When trying to light a scene in 3d, people often find themselves in a situation where their scenes will look too dark. The most natural thing to do is to add more light to the scene, but if you're not working linearly this probably won't do you much good.

In this tutorial we will cover the topics of Linear workflow and Gamma correction. We will take a look at why your renders might look dark and blown out, and how having a linear workflow will help you avoid washed out textures, giving the light in your scene more depth.

Without gamma correction

With gamma correction

Because of its seemingly complicated nature it deters a lot of people, and not just beginners. It's important to understand as it will help you achieve more realistic lighting in your scenes.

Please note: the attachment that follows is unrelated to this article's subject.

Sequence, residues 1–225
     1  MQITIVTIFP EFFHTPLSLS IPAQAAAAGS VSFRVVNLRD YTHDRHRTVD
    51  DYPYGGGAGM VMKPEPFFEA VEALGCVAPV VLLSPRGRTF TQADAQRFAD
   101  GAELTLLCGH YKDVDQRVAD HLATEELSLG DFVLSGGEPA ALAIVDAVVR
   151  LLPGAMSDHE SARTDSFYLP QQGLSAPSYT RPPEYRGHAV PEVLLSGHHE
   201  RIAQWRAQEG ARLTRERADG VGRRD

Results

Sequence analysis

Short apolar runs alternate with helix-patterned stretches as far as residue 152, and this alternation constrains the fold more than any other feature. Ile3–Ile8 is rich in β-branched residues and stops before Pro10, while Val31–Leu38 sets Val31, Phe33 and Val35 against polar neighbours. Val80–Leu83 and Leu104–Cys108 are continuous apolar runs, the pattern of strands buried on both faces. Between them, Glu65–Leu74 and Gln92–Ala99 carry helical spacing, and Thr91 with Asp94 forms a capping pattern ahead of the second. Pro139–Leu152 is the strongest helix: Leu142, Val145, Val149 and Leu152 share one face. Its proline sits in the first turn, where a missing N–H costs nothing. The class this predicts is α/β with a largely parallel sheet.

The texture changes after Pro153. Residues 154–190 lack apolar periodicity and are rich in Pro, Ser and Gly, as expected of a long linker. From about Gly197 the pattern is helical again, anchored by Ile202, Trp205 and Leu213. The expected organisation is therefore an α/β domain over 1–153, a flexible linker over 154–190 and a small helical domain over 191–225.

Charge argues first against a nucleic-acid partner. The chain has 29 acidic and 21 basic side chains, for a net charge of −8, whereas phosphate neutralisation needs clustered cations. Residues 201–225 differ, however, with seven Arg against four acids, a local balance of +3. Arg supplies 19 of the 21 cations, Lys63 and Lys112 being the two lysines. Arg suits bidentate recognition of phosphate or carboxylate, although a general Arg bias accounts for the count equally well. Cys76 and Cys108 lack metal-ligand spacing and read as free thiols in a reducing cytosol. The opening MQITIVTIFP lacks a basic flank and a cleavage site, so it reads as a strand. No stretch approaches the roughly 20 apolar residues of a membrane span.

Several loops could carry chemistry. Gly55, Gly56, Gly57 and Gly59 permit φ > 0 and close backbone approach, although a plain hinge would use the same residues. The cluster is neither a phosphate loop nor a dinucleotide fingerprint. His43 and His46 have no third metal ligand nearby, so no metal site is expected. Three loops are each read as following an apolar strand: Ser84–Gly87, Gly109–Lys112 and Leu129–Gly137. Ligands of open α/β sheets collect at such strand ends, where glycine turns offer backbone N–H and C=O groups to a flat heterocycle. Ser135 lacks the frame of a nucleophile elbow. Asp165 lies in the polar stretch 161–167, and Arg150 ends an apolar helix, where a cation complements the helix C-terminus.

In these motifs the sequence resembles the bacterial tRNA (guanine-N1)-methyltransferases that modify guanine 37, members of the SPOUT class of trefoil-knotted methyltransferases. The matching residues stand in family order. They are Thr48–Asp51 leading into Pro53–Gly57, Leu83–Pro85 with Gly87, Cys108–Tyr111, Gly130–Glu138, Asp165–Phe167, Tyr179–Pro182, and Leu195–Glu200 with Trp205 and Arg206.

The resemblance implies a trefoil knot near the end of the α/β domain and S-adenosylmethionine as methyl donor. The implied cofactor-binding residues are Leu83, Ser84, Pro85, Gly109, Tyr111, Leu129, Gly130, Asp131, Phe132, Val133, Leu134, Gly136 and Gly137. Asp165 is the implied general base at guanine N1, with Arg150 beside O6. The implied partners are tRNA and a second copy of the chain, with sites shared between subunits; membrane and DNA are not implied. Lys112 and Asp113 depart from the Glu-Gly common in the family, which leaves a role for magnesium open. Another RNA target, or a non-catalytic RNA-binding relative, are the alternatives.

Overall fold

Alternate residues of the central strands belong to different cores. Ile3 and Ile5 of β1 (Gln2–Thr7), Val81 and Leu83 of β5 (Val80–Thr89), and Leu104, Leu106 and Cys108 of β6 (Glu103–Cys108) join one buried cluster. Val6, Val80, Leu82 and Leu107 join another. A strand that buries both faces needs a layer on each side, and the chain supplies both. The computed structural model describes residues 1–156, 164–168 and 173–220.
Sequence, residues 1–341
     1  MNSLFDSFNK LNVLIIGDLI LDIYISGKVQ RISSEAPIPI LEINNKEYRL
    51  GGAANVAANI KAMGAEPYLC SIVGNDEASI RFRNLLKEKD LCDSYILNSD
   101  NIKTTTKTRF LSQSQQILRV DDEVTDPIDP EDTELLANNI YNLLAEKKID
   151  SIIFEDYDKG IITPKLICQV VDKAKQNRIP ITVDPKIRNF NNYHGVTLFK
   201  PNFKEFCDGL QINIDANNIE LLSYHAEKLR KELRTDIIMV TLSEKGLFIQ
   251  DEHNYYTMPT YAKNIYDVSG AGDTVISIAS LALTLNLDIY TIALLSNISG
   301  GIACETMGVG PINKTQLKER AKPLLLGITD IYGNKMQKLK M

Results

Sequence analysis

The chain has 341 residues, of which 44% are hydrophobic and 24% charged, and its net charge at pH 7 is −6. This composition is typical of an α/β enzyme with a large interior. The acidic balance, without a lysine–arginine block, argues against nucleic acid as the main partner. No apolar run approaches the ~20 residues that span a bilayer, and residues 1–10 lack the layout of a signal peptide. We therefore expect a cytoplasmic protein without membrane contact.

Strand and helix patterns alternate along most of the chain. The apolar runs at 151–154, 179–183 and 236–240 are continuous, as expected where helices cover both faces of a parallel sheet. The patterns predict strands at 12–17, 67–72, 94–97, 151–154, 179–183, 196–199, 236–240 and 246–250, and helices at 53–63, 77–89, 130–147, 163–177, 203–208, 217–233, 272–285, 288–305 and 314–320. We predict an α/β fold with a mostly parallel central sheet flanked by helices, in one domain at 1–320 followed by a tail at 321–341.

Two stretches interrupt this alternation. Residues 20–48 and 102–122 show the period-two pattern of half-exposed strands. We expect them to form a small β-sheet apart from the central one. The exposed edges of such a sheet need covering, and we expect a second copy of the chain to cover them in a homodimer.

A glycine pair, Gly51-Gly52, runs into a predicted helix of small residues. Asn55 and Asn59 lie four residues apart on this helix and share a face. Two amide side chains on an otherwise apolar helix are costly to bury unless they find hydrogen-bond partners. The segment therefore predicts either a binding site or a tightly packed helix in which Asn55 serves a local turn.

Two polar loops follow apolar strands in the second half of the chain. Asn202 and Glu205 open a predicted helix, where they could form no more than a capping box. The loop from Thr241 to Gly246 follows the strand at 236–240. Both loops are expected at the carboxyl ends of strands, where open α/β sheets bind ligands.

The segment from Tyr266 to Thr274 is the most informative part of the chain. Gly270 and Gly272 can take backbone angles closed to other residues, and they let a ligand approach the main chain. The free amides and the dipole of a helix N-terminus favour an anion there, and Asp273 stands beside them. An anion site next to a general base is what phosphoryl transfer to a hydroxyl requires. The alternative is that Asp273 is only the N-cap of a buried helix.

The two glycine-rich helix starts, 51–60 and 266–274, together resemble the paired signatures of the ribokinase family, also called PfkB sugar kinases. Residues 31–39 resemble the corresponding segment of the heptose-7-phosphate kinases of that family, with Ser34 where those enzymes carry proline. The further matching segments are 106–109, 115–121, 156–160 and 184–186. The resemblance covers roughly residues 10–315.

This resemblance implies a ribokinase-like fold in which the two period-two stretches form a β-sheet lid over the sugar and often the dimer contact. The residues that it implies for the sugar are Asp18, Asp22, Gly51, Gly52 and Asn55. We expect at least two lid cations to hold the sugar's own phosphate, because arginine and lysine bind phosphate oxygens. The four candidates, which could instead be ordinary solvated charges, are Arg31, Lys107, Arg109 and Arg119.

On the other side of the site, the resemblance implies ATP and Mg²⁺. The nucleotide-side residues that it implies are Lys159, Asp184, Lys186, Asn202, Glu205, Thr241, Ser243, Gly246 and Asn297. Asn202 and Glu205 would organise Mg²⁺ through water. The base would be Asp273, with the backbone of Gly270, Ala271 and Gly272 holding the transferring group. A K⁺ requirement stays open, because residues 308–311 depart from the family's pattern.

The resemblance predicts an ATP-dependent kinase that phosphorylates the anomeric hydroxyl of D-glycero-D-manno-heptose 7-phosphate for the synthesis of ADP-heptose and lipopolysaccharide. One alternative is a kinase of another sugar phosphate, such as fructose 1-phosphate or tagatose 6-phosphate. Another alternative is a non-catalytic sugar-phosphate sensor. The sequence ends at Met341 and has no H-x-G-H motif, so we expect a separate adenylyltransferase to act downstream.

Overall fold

Remember that linear workflow is simply a way of working, a philosophy in a sense. It's by no means the only way to do things, but it does have a great effect on how you approach lighting your scenes. I tends to benefit people who do interior scenes a lot, but makes it easier to light your scenes no matter what you are doing. This tutorial is not software specific but focuses on the principles of linear workflow and gamma correction.

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For your convenience we've compiled a list of notes for this tutorial

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Linear workflow and gamma correction are two separate things, but we use them in conjunction.
Gamma 2.2 (most images online will have this value, also synonymous with sRGB)
Linearize (Normalizing an image, giving it a gamma value of 1.0) Internal processes of 3d applications are already
Linear Power Law Curve (The technical name for a gamma curve) 
Linear workflow (This refers to a rendering workflow)
Gamma correction (Just a term for when gamma is applied to offset a gamma value)
Gamma 0.4545 (Inverse value for a gamma of 2.2)
Floating point images (images like EXR and HDRI, these are always linear)

We hope you enjoyed this tutorial. For more head back to theTutorials Section